(a) 1.25 percentage points of weighted risk assets to the extent a bank uses the Standardised Approach for credit risk; and

(b) 0.6 percentage points of credit risk-weighted assets in accordance with paragraph 43 to the extent a bank uses the IRB Approach for credit risk.

4. Hybrid debt capital instruments

49(xi). In this category fall a number of capital instruments which combine certain characteristics of equity and certain characteristics of debt.

Each of these has particular features which can be considered to affect its quality as capital.

It has been agreed that, where these instruments have close similarities to equity, in particular when they are able to support losses on an on-going basis without triggering liquidation, they may be included in supplementary capital.

In addition to perpetual preference shares carrying a cumulative fixed charge, the following instruments, for example, may qualify for inclusion: long-term preferred shares in Canada, titres participatifs and titres subordonnés à durée indéterminée in France, Genussscheine in Germany, perpetual debt instruments in the United Kingdom and mandatory convertible debt instruments in the United States.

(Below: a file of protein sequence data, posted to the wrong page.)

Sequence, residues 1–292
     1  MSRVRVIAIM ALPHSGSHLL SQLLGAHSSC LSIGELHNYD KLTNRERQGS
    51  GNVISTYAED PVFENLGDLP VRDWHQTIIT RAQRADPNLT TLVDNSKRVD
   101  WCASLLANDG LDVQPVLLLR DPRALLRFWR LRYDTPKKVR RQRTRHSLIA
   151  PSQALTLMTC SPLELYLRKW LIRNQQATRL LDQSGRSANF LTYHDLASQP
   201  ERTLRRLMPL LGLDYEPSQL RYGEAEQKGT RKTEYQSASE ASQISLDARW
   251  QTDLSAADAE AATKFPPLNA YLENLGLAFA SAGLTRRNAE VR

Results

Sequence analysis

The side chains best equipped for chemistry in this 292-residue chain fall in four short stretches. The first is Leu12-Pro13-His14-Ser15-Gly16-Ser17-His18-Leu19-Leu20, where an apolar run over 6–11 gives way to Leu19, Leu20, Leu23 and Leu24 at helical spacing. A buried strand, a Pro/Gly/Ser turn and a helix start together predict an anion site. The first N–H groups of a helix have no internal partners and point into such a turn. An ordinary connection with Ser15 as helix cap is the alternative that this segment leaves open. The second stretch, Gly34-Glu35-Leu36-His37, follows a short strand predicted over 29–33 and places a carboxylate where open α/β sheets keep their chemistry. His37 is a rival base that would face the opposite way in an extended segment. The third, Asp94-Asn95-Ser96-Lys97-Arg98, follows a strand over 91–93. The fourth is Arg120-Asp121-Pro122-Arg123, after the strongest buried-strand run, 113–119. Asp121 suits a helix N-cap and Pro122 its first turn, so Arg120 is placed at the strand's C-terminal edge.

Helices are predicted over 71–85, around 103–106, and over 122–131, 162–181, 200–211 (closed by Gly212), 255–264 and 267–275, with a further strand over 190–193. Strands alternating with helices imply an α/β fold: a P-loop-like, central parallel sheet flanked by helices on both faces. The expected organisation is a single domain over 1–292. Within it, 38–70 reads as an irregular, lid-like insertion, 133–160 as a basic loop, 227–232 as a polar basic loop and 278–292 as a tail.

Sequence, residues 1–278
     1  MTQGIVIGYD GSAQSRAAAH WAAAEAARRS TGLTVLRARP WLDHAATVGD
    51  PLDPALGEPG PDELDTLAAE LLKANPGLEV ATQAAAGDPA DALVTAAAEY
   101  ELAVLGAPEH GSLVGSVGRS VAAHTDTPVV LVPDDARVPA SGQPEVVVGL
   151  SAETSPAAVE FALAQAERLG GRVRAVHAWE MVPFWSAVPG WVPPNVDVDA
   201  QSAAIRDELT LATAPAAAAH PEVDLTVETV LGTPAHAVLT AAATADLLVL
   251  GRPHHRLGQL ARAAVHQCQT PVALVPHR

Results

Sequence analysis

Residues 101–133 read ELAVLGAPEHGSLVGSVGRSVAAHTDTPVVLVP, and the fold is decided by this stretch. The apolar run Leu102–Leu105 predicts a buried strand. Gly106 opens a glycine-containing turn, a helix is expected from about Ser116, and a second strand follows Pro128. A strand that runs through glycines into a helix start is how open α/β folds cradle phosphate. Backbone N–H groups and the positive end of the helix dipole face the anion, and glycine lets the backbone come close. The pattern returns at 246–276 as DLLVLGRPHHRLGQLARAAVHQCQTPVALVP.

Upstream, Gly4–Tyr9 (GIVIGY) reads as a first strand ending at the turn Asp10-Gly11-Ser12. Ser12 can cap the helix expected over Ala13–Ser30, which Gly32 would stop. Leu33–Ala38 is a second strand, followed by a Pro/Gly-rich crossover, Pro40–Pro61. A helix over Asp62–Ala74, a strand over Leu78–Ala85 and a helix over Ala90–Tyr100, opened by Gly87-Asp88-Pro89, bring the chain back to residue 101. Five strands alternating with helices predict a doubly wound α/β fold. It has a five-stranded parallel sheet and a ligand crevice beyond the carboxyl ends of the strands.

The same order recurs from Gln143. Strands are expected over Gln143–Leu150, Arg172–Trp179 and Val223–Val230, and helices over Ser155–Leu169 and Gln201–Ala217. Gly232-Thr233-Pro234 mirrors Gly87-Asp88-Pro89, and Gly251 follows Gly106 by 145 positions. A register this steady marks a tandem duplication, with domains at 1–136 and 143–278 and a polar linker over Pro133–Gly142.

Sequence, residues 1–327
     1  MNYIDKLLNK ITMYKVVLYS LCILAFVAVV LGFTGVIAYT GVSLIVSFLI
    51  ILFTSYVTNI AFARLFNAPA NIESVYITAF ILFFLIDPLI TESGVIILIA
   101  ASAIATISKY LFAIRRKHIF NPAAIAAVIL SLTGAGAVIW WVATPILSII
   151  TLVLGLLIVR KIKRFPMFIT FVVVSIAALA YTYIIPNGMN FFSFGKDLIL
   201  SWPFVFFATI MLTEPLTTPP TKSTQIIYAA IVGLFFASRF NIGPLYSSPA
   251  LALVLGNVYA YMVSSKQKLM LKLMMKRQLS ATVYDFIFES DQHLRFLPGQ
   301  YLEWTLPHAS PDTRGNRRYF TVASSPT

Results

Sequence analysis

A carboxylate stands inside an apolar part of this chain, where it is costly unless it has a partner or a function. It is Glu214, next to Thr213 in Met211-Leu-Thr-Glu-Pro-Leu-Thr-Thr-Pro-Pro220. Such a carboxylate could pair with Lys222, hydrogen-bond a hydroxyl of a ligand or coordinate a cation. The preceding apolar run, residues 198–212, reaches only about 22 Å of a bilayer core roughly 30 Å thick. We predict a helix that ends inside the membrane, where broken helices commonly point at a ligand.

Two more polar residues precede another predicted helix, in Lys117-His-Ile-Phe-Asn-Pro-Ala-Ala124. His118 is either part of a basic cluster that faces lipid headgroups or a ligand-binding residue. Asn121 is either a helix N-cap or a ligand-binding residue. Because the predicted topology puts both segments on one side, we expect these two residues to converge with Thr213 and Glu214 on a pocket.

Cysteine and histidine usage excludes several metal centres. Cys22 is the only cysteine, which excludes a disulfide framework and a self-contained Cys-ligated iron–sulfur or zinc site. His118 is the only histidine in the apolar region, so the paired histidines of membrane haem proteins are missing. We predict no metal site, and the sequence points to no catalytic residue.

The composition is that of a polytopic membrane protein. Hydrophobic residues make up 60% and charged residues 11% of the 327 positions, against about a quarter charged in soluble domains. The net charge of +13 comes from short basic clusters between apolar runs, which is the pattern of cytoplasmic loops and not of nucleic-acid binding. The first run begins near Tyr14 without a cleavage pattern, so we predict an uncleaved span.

The qualifying criteria for such instruments are set out in Annex 1a.

5. Subordinated term debt

49(xii). The Committee is agreed that subordinated term debt instruments have significant deficiencies as constituents of capital in view of their fixed maturity and inability to absorb losses except in a liquidation.

These deficiencies justify an additional restriction on the amount of such debt capital which is eligible for inclusion within the capital base.